Jean Shorney is one of those authors that you love connecting with. Unlike the gritty characters of her novels, she’s someone who is open, warm, self effacing and with a wonderful sense of humour. It’s almost surprising considering the seedy underbelly of London and Ireland that she conjures up in her Aidan McRaney books, or her urban fantasy books for that matter. I was hoping that she’d say yes to an interview as I’ve enjoyed a number of her books – our email exchanges and conversations have brightened up what would otherwise be a very tedious week.
I’m always interested to know how people’s journeys as writers start, and in the case of Jean Shorney it was at a young age. …
How did you know you wanted to become a writer?
Not sounding too weird – but from the age of eight I knew I wanted to write. I wrote my first story in an old exercise book. The story was called ‘Murderous Home.’ There were only three characters in it. A nephew who killed his wealthy uncle for his money, and buried him under the floorboards. A policeman, alerted by the eighbours about the smell, arrested the nephew.
Where do you get your inspiration from?
My inspiration can come from a random photograph, or a snippet in a newspaper. I once wrote an entire novel on a headline. I love old crime and supernatural thrillers. My inspiration for ‘Progeny of a Killer’ was based on ‘The Resurrection Man’ starring Stuart Townsend.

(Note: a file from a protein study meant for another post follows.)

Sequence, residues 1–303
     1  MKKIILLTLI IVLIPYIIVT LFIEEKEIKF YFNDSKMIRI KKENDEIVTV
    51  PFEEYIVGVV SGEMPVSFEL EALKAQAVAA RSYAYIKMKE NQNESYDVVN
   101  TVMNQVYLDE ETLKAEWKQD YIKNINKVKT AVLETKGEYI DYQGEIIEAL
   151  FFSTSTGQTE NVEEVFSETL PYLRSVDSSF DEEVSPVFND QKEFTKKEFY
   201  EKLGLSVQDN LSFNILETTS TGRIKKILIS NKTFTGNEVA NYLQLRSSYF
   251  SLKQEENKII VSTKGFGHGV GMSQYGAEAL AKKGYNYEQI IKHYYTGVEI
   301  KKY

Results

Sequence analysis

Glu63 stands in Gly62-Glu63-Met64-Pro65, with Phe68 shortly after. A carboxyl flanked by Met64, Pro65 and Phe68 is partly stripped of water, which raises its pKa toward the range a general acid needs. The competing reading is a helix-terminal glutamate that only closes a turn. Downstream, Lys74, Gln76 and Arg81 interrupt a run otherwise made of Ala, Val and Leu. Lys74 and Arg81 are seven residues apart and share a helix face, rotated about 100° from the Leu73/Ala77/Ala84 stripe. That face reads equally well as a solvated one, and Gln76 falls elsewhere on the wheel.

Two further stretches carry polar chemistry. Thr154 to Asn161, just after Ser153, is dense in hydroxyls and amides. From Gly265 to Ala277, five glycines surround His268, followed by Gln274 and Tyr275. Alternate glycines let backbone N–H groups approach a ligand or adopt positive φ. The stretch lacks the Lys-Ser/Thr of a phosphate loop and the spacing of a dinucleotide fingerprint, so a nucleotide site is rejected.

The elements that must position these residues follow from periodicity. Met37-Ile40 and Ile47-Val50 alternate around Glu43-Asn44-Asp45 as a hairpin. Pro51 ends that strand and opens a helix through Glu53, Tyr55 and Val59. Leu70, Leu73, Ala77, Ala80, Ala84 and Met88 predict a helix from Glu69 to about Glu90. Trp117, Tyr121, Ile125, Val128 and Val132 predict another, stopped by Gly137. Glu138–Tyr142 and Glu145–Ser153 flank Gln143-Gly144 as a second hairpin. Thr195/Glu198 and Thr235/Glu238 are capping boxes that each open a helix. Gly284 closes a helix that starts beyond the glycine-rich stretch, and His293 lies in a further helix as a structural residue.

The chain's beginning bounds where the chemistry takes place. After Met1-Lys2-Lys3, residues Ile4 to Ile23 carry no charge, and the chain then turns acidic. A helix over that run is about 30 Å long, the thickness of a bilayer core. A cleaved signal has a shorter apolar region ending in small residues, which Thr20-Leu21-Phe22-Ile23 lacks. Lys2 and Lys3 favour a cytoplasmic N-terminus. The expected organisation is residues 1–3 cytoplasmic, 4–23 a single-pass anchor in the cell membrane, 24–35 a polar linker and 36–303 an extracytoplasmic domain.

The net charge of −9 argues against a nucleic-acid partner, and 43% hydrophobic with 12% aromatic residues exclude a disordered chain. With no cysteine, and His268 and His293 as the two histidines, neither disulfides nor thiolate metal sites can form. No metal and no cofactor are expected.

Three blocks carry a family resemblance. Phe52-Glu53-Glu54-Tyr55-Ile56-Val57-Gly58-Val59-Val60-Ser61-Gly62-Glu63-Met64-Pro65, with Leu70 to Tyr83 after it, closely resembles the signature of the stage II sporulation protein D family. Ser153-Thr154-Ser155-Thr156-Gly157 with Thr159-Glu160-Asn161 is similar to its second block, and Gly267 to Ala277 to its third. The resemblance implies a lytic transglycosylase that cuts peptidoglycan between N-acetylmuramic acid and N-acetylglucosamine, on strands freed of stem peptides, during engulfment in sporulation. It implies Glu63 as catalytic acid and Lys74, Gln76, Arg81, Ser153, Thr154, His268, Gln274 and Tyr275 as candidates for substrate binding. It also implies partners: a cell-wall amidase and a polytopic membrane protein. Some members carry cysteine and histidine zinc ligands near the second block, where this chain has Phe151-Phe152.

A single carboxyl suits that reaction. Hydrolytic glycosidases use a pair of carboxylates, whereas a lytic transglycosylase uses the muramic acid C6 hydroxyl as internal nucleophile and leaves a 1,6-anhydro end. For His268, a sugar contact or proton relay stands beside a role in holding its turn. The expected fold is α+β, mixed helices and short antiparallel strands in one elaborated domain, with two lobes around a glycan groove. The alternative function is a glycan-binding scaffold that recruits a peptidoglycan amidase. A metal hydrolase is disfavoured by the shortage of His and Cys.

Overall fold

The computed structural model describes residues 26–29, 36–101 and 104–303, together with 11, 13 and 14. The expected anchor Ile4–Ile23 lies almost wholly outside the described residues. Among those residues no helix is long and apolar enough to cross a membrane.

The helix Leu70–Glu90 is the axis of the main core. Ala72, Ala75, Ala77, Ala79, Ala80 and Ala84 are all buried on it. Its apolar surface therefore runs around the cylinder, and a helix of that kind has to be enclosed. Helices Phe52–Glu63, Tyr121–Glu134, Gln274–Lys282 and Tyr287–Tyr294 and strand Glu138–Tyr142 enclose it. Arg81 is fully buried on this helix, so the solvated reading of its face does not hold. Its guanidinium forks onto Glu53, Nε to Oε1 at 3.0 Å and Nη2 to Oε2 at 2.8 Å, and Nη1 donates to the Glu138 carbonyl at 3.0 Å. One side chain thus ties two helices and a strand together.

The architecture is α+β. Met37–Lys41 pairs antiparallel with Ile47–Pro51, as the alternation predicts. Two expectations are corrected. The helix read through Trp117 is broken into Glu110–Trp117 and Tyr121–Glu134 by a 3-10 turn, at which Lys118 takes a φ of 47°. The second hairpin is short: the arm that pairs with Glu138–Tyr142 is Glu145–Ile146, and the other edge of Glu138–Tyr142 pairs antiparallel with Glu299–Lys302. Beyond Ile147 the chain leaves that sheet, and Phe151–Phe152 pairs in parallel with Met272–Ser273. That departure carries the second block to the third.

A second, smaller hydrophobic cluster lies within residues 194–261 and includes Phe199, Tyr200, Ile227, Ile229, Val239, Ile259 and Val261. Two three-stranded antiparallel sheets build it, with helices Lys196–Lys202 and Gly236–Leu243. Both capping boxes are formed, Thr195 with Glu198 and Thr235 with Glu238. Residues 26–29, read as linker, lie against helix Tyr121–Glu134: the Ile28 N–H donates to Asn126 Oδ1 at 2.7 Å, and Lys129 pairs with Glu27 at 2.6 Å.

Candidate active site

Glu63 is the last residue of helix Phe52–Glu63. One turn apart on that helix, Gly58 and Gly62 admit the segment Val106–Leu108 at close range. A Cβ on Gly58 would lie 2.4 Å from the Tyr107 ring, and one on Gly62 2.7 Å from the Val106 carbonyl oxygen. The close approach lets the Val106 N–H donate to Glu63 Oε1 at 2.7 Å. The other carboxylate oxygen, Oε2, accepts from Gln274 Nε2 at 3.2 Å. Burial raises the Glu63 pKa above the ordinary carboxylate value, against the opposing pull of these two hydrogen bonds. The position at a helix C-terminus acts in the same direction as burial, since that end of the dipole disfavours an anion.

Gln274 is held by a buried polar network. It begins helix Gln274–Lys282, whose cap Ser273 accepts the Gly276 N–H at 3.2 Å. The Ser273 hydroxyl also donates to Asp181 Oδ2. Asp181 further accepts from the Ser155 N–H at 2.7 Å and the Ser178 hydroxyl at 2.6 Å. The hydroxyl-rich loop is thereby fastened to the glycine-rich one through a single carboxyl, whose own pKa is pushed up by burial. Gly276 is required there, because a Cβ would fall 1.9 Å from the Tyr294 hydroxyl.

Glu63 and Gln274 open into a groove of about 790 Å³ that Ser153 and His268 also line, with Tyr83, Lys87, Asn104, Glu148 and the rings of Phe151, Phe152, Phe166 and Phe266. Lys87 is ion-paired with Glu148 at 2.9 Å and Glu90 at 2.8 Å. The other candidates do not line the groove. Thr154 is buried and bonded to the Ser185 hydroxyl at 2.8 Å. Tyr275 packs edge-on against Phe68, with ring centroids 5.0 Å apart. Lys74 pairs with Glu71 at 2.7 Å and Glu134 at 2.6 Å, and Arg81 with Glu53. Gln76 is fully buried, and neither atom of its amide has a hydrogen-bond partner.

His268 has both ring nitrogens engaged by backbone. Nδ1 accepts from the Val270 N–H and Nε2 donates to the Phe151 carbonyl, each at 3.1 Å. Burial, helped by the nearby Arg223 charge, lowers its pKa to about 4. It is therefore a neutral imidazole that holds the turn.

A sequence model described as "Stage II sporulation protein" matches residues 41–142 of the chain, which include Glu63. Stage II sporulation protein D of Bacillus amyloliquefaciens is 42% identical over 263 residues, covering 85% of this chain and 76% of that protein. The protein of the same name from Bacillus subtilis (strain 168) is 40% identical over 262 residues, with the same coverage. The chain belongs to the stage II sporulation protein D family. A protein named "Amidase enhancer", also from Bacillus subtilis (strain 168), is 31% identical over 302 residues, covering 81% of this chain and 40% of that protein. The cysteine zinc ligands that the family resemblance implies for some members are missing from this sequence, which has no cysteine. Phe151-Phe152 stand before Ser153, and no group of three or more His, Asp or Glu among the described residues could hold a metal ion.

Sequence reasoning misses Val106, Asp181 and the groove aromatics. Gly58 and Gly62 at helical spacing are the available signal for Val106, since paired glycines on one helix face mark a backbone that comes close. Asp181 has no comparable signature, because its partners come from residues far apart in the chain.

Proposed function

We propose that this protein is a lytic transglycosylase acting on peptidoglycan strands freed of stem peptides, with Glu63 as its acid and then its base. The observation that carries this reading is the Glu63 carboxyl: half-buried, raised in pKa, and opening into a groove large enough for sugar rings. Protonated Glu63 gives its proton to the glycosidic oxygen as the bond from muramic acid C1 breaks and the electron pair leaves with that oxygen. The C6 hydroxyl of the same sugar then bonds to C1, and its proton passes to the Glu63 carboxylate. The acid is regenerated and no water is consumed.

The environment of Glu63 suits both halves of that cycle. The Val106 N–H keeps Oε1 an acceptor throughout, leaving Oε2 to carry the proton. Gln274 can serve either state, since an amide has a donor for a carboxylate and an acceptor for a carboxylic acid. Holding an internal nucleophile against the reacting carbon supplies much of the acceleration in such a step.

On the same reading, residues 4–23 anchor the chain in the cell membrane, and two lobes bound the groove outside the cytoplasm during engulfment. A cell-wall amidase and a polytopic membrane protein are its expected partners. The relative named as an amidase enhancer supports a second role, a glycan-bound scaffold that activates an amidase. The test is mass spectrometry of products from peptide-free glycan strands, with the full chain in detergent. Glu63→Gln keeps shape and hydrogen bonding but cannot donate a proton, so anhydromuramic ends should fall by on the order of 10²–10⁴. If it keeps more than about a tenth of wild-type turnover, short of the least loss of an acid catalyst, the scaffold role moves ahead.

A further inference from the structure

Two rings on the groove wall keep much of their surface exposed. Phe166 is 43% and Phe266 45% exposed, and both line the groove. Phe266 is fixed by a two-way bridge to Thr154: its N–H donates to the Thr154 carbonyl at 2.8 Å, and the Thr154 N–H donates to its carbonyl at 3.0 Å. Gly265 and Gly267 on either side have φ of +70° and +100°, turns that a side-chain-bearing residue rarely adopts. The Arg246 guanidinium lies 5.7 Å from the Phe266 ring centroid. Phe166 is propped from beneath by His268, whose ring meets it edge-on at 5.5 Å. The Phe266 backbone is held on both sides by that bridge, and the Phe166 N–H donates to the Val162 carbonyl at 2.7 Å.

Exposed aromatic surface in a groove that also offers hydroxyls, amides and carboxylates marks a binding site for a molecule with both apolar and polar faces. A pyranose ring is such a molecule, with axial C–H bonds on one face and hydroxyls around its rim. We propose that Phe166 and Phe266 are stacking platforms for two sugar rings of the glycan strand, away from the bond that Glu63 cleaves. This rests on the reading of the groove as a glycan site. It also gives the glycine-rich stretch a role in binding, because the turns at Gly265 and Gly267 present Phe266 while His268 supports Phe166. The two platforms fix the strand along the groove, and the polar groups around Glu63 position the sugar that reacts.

What’s your process for writing?
I work each scene out in my mind – in bed, standing at the check-out. I was so involved in working out a scene while I was in Boots, I had to be shouted at by customers before I realised it was my turn. Then it’s just a matter of typing it out on my trusty iPad.
You’ve written in different genres.. supernatural and crime thrillers. Which do you prefer?
I enjoy writing both, depending on the characters.
For crime, it has to be Aidan McRaney. I love writing about him. He has a criminal past that he finds difficult to shake off. At the moment, I’m working on a supernatural novel, and in this genre the characters Freya and Nicholas Monroe are my favourite. Freya is a psychic with exceptional powers. Nick is an ex- U.S Army Captain. Nick epitomises my love of the anti-hero.
Tell us about Aidan McRaney.
Aiden was born in Dublin on 21st June, 1982. Until the age of twelve Aidan’s life was a reasonably happy one – then he’s suddenly uprooted, with his family, to live in London. From then on, he views life as an obstacle course – getting into trouble and carrying the proverbial chip on his shoulder. A boy with a bad attitude, he becomes minder to a gang boss, and is eventually imprisoned for killing the man who murders his girlfriend – she also happens to be the girlfriend his employer! After 8 years in prison, he longs for a normal life but gangland want him back in. Then he meets wheelchair-bound ex-copper Sir George Treveleyan who runs a rather unorthodox agency using ex-cons for their skills. Unable to find work, Aidan is employed by Treveleyan as an assassin, assigned to blow away the bad guys. Women find the dark haired, brown-eyed Irishman tremendously sexy, and he never fails to please the opposite sex.
When you started writing about Aiden McRaney, did you intend to write a series?
Not to begin with. But I couldn’t let Aidan McRaney go. In fact he practically writes his own stories because of my familiarity with his character.